Translation occurs in the cytoplasm where the ribosomes are located. Ribosomes are made of a small and large subunit which surround the mRNA.
Transfer RNA (tRNA) molecules are 75 - 95 nucleotides long and have four arms and three loops. True to its name, tRNA transfers amino acids to the site of the growing protein chain (polypeptide). Each tRNA molecule (in red below) recognises a specific, three base-pair mRNA code or codon (the DNA form of a codon is called a triplet and the sequence on the tRNA is called an anticodon). Since there are three bases and four possible nucleotides, there can be up to 64 (4x4x4) possible tRNA molecules. Three of these tRNA molecules recognise "stop" or termination codons which have been named amber (UAG), opal (UGA) and ochre (UAA).
The codon indicates which amino acid is to be added and the amino acid is attached to the tRNA molecule at the acceptor arm. As we can see from the table below, most amino acids are represented by more than one codon. This means that the expected protein can still be synthesised, even when a degree of mutation occurs in the DNA or mRNA.
There are 20 essential amino acids, however they can be combined in any order, just like the four nucleotides. This permits the production of the many different proteins which let organisms grow and function.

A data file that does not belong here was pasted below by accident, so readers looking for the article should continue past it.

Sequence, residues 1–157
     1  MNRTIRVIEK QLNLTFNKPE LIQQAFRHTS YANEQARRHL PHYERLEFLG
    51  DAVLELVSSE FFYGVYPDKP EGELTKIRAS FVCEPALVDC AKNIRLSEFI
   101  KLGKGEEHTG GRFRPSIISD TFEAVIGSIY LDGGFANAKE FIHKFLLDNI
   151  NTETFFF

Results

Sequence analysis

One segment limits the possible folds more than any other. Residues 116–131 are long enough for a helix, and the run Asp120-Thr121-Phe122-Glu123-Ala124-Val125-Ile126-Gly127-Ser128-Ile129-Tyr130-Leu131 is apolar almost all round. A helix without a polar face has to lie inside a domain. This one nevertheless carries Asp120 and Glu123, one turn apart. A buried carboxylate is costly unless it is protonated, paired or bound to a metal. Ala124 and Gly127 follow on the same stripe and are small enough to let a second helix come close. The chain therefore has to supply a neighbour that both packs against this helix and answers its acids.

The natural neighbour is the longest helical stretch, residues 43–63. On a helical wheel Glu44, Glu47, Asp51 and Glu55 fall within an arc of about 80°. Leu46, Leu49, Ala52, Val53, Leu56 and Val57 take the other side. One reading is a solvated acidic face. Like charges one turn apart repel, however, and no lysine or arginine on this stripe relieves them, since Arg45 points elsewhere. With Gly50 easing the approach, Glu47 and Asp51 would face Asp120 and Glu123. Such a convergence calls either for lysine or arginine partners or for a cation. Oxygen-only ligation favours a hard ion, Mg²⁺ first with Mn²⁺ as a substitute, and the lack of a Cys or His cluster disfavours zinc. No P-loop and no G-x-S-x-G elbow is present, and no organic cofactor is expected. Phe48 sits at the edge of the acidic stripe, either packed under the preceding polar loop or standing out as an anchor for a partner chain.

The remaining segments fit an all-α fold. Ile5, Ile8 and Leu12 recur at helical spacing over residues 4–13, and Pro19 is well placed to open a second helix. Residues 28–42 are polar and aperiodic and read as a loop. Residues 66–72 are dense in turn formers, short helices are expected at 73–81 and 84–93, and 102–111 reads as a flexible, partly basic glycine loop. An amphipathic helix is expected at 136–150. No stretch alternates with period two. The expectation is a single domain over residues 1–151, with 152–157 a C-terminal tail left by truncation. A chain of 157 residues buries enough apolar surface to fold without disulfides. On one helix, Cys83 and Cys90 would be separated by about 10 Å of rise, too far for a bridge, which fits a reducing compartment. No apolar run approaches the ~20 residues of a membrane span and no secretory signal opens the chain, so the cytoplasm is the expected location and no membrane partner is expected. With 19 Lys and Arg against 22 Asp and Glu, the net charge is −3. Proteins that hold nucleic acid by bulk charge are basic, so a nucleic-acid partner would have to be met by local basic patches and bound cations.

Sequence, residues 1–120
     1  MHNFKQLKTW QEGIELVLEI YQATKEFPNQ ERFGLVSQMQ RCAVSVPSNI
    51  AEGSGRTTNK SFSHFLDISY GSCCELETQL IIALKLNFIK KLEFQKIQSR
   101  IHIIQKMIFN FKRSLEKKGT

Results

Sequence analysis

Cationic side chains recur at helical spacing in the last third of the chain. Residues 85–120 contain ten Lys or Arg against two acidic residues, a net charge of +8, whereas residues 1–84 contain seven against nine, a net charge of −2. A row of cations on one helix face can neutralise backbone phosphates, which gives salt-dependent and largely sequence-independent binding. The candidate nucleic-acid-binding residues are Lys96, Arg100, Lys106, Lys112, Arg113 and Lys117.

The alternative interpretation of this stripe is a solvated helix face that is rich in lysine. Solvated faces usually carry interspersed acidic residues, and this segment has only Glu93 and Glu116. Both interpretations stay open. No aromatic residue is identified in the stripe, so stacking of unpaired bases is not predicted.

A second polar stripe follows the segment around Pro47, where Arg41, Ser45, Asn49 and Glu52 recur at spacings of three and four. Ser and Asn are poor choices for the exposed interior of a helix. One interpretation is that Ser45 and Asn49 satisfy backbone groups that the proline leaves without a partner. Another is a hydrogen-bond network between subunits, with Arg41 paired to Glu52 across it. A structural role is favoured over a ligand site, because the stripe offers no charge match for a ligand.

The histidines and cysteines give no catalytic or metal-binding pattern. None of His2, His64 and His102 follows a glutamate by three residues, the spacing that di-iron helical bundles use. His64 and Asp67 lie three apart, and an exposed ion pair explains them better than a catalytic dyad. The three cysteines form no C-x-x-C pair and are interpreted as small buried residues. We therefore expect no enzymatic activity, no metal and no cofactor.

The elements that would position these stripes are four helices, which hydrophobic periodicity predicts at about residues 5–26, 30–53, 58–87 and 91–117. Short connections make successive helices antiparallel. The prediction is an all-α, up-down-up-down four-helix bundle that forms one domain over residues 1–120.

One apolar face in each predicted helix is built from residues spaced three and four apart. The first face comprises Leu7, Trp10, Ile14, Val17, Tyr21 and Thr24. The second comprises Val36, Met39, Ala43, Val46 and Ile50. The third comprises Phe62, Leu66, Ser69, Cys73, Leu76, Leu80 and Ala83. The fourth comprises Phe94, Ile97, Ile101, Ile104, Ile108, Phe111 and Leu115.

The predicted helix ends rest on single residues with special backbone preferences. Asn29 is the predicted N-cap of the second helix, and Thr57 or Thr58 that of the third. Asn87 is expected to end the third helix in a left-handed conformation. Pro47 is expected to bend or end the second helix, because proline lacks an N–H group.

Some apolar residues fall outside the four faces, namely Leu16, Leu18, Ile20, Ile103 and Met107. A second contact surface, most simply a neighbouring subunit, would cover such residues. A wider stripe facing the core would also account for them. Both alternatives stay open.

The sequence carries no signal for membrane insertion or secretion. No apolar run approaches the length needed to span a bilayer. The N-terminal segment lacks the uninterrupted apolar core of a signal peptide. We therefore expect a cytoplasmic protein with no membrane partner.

When the large ribosmal subunit, small ribosomal subunit, mRNA and the tRNA carrying a methionine come together in the cytoplasm, the ribosome becomes active and the synthesis of a polypeptide, or "translation", is initiated. The AUG codon binds at the protein binding site (P) of the ribosome and AUG is always the first codon of an mRNA.
The next complementary tRNA will bind at the attachment binding site (A) of the ribosome. The adjacent amino acids are then joined by a peptide bond via a peptidase enzyme. Thus the polypeptide chain begins to grow and as it does, it is passed to the next tRNA currently occupying the A site.
The ribosome then moves 1 codon down the mRNA in a 5' to 3' direction. This is achieved by a translocase enzyme. As the process of ribosome translocation continues, the "old" tRNA is released to bind another amino acid and go in search of a new codon. The binding of a new aminoacid is mediated by an enzyme called amino-acyl-tRNA synthase
The process continues along the mRNA until a stop codon is reached. While there is no tRNA for a stop codon, there is an enzyme called release factor which cleaves the polypeptide chain resulting in a new protein.
Finally, the entire complex is disrupted, the ribosome separates and the mRNA is released to be used again or degraded. Translation occurs at multiple sites along an mRNA so that many ribosomes can be seen by electron microscopy bound to a single mRNA strand with many polypeptide chains forming from each.
Not only do different sequences make different proteins, but slight sequence changes can radically change the shape of a protein. The shape or structure of the protein is essential for its correct function e.g. as an enzyme or an ion channel embedded in a cell membrane.